Lisa Cawthen answers your questions
Lisa in her element in the Tasmanian bush
Lisa is an early career wildlife ecologist working in Tasmania as a researcher, community educator and consultant. She is also ClimateWatch's mammal species advisor.
Lisa has worked on a range of projects including monitoring Tasmanian devils with devil facial tumor disease, understanding the impacts of wind farms on bats and determining the habitat requirements of possums and bats. Lisa’s main career focus, however, has been improving how we manage our forests for wildlife, in particular, bats.
In her recent PhD studies at the University of Tasmania, Lisa has spent the last few years researching Tasmania’s bats to discover where they live, what they do and where they go in an effort to conserve bats and their habitat.
We have a botanical cemetery over the back fence, so have a fair bit of wildlife around here.I have been trying to encourage more bats into the garden, especially the micros.
I have a couple of solar wall lights to attract insects around my house, but I know there are only certain species of microbats that this encourages, and others give the light beams a wide berth.
I rent, and am not able to put nesting boxes in our trees, so wondering what else I can do to try and encourage a wider range of the little fuzzies?
Bats making themselves at home in the Warnambool Botanic Garden. Image: Jeremy Lee/ABC
It is great that you're encouraging bats into your garden, particularly as many species of bat can face food shortages when we have droughts or storms. You are quite right that some bats are sensitive to lights whilst others seem to be attracted to them because of the food supply they provide (insects). If you can, make sure some parts of your yard are unlit, that way more bats will enjoy the habitat your yard provides.
Bats, like most animals, need food, water and shelter. If you cannot provide shelter (nest boxes) in your back yard then you should be able to provide food and water.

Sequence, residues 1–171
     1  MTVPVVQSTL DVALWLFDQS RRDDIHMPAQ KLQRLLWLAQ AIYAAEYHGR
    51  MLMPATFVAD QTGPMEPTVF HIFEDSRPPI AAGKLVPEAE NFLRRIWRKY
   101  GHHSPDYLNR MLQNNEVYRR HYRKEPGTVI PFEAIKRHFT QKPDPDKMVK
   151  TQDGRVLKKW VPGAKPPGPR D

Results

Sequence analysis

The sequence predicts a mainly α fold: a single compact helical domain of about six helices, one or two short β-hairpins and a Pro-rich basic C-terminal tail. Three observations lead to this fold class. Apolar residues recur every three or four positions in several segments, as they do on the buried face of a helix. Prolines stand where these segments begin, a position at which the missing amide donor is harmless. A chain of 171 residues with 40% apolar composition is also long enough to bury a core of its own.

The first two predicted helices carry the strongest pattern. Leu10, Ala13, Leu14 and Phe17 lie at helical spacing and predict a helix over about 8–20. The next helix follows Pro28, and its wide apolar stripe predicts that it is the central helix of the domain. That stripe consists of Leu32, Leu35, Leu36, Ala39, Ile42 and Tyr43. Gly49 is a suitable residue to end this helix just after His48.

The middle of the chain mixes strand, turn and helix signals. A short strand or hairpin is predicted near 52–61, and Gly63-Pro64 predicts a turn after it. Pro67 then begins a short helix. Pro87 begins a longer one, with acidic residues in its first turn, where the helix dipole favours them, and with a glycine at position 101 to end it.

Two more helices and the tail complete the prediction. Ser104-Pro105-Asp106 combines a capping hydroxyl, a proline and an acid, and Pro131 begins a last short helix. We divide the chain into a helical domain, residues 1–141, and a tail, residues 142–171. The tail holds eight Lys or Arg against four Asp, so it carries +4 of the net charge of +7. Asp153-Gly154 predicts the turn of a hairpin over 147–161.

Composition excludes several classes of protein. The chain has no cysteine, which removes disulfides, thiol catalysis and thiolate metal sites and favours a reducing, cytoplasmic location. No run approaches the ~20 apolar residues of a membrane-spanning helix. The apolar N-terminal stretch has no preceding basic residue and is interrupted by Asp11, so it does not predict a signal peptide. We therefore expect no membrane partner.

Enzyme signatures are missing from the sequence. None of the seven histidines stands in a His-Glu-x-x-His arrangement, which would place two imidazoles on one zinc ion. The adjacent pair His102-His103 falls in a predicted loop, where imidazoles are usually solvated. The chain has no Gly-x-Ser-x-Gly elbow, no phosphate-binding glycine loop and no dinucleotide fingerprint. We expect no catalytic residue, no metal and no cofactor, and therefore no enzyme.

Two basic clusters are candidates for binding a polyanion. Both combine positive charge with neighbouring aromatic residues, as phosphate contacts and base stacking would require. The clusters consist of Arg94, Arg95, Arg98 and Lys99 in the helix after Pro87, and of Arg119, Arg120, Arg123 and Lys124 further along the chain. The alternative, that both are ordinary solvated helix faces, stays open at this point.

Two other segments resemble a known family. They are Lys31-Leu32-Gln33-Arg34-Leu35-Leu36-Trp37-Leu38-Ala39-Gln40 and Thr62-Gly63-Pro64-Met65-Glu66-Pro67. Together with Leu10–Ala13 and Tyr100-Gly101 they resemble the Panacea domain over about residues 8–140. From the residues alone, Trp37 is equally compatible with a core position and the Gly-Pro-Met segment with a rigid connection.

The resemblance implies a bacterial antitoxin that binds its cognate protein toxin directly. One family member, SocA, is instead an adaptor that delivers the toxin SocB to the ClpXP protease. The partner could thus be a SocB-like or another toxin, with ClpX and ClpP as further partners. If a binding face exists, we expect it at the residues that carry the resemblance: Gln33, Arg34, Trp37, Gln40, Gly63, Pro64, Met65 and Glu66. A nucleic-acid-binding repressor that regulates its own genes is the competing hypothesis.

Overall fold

Depending on where you are, you may have both fruit, blossom and insectivorous bats. You can provide food for bats by planting fruit trees or trees and shrubs that provide blossom (e.g. bananas, figs). You can also plant insect-attracting plants (for example Hakea). I recommend asking your local native plant nursery for advice on what is good in your area for attracting insects. Often insect-attracting plants have a beautiful night-time perfume so they would be quite lovely in the backyard.
I would also recommend trying to get plants that flower at different times of the year as well, so bats have a food supply year round in your yard. You can also create a frog pond, which will can attract bats to either feed on insects or drink from the pond. All of these things can be temporary. You can use large pots for the plants and use plastic paddling pool for the frog pond. That way, if you ever move, you can take them with you.
I hope his helps and that you have more bats coming to your backyard really soon.
How do the bat colonies in Victoria compare to the ones in Tasmania?
A great question that scientists are still investigating because it's actually quite complex.
Bat colony sizes vary depending on a number of reasons including:
- geographic location
- the type of bat (e.g. mega or micro bat)
- the species
- its favourite habitat type (e.g. cave, tree or tree hollow)